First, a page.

‘Help us’: Minnesota school officials plead with lawmakers to fix special education cross-subsidy

May 12, 2019 by

By Taryn Phaneuf –

Rep. Angie Craig and Sen. Tina Smith
MinnPost photo by Taryn Phaneuf
Rep. Angie Craig and Sen. Tina Smith are supporting legislation to increase federal funding for special education, which has been underfunded for decades.

In the late afternoon on the first Friday in May, a group of about 30 teachers, parents, and specialists filed into a room at Henry Sibley High School in Mendota Heights. It was clear and warm outside, but the group took their seats around a set of tables to talk about special education.

U.S. Rep. Angie Craig, in whose district Henry Sibley is located, called the meeting and invited Sen. Tina Smith to join. The two are supporting legislation to increase federal funding for special education, which has been underfunded for decades. At the same time, enrollment and costs have “exploded” in the West St. Paul-Mendota Heights-Eagan school district.

Craig, who has a son with special needs, has met with constituents on several occasions to learn how the lack of federal funding plays out in their schools. “The impact on our local communities is dramatic,” Craig said after the meeting. “We’re sending our federal dollars to Washington and we’re not getting that money back.”

Like most others in the state, the West St. Paul-Mendota Heights-Eagan district subsidizes special education services with state and local aid that’s supposed to go toward paying teachers and staff, funding new programs, and buying supplies. Known as the cross-subsidy, the shortfall between the district’s special education costs and their revenue added up to $747 per pupil in 2017, the most recent year data is available from the Minnesota Department of Education. In all, the shortfall was more than $4 million.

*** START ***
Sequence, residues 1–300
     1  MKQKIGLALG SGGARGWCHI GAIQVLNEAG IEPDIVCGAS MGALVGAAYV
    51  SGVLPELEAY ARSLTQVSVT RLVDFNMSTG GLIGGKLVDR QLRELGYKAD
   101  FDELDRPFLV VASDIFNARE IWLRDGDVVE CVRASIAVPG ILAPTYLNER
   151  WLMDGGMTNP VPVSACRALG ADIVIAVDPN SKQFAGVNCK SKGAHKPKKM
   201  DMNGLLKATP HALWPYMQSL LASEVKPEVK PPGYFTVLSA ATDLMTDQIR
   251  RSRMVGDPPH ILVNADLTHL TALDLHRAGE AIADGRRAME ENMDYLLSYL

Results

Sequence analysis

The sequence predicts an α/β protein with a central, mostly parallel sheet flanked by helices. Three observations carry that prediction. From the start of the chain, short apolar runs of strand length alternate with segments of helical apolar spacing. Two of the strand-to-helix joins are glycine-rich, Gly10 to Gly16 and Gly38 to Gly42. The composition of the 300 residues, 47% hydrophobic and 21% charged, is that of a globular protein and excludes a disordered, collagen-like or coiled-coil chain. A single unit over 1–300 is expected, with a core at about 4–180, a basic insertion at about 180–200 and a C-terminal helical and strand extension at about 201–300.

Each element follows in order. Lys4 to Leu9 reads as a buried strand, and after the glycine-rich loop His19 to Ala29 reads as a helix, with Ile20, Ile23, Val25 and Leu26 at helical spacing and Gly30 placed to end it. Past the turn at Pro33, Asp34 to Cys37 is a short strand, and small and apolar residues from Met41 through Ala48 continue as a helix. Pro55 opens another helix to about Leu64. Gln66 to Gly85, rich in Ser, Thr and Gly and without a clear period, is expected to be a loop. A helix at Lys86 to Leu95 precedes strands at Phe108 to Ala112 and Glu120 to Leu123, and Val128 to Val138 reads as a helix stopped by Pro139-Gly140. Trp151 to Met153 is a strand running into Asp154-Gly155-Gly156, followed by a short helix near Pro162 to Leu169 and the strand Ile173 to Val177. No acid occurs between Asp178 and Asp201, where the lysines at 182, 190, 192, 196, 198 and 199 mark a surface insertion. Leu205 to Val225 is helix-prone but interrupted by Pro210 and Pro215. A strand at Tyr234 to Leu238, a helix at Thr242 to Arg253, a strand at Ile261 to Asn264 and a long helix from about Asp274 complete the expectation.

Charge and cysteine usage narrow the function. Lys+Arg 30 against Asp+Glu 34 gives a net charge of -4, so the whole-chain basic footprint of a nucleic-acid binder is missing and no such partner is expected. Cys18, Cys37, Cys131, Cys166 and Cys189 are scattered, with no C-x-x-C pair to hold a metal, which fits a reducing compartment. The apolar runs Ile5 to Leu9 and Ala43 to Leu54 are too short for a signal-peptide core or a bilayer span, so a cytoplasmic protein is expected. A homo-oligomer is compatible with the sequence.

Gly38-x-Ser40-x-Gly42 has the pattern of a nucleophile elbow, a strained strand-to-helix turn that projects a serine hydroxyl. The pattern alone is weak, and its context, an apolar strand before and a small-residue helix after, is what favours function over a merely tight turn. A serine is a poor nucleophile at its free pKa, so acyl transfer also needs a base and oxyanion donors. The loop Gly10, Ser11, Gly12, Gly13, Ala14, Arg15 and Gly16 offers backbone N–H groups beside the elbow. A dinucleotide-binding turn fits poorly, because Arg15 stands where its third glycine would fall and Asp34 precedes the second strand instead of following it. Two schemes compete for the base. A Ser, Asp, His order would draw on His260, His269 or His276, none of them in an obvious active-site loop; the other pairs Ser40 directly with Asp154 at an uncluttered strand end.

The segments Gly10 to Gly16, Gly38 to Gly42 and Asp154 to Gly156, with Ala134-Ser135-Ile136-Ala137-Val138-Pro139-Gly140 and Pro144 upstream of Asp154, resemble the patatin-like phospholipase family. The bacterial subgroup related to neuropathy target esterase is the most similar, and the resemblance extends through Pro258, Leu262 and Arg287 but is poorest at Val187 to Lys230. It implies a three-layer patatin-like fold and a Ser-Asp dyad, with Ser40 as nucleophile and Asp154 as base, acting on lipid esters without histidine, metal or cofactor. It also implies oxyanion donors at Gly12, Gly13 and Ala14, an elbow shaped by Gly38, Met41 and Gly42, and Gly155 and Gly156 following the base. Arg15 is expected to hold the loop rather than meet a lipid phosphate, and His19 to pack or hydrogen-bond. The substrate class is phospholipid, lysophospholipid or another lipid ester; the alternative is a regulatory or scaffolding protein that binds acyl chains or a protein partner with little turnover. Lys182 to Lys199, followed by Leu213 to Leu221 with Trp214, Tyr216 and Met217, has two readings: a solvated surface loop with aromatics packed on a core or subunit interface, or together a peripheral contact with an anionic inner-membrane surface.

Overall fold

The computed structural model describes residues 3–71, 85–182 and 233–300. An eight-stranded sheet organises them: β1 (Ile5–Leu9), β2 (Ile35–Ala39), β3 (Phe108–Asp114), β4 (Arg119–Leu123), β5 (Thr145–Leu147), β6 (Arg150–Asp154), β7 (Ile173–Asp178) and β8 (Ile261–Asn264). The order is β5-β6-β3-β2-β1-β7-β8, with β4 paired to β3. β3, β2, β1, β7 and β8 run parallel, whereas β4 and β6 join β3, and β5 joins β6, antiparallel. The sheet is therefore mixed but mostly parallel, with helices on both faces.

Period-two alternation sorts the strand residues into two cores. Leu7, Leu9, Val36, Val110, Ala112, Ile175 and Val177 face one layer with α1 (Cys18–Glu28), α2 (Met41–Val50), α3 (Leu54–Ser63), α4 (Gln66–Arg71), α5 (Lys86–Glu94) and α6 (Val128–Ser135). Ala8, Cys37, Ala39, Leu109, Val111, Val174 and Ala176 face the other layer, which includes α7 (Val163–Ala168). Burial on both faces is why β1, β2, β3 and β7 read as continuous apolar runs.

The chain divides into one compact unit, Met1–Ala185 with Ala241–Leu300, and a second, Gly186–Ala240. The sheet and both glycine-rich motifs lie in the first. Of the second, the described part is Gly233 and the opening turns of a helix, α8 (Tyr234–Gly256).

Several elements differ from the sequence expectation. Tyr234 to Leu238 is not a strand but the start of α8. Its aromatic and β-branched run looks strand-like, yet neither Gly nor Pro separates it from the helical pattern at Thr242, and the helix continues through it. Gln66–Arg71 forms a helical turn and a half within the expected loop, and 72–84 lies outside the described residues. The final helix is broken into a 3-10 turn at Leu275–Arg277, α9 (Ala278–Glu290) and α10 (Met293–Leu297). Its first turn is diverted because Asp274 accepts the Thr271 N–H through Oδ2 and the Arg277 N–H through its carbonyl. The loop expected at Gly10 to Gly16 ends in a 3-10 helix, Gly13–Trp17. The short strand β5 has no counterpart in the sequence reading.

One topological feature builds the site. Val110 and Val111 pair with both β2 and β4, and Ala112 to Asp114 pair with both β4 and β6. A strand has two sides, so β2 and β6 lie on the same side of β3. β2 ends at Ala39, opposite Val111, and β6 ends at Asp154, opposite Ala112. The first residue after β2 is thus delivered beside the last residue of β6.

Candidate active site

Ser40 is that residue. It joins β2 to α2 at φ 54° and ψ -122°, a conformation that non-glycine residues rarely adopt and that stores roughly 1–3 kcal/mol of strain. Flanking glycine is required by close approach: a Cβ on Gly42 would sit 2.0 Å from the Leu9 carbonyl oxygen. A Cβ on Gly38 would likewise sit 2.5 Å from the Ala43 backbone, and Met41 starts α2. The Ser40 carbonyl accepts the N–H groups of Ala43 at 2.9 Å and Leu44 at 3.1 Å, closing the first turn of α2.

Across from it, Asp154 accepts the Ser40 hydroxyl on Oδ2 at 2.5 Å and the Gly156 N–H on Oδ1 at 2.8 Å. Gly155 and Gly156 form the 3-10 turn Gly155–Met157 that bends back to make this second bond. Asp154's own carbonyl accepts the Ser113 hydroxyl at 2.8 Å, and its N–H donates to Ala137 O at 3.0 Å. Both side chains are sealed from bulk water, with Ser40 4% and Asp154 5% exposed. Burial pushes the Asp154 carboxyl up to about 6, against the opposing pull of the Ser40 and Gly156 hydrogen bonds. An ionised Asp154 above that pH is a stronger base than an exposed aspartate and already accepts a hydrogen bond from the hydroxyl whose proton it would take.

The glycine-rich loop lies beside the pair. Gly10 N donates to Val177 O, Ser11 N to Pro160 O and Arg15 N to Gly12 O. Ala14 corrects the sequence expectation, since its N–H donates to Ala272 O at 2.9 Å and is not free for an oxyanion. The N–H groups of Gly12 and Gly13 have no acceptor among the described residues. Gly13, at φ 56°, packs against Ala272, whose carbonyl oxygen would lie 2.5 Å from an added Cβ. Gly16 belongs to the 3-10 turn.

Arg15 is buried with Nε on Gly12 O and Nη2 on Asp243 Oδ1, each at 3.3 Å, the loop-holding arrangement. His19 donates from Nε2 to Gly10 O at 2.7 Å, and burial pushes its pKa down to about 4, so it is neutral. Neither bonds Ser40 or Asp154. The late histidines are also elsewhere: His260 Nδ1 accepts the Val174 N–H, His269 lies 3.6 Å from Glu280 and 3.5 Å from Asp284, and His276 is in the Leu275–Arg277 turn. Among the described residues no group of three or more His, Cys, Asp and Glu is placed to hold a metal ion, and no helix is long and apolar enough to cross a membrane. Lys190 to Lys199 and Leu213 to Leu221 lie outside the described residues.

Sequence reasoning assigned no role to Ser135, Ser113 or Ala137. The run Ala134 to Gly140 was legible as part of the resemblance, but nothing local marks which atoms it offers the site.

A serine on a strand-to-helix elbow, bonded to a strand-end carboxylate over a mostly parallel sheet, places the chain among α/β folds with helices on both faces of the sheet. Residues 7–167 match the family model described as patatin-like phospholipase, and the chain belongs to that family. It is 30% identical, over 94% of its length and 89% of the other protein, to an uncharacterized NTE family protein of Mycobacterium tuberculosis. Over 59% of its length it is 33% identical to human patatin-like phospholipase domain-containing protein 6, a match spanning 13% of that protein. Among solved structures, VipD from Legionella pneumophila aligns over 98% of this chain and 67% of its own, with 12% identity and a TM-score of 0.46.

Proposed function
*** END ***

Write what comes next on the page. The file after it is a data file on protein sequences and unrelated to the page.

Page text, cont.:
It could be worse. The West St. Paul-Mendota Heights-Eagan district’s cross-subsidy was lower than the state average for that year. And while others have already cut non-essential programs because of the shortfall, the district still offers music in middle school, school board chair Joanne Mansur told Craig and Smith. But even in the supportive and dedicated community they’ve fostered, the nature of the funding scheme pits groups of students against each other. “It’s a systematic thing that needs to be fixed,” she said. “Help us.”

Lawmakers get it. But will they change it?

The responsibility for the cross-subsidy ultimately falls on the federal government, which passed mandates for special education programs back in the 1970s, setting the foundation for the system that exists today.

Back then, federal lawmakers said they’d pay 40 percent of program costs. But they haven’t. Instead, federal aid has been at or below 15 percent of special education costs (with the exception of 2010, when a recession recovery funding package doubled special education aid for that year).

Minnesota lawmakers are now talking about the problem in both the state Legislature and in Congress. Craig is working with Republican U.S. Rep. Pete Stauber to get congressional newcomers on board with a bill that would increase federal aid over the next 10 years to get to the 40 percent portion. Smith is signed on to a similar proposal in the Senate, but it lacks the bipartisan effort of the House. “It’s going to be a real struggle to get this through this year,” Smith said. “It’s a question of priorities.”

Source: ‘Help us’: Minnesota school officials plead with lawmakers to fix special education cross-subsidy | MinnPost

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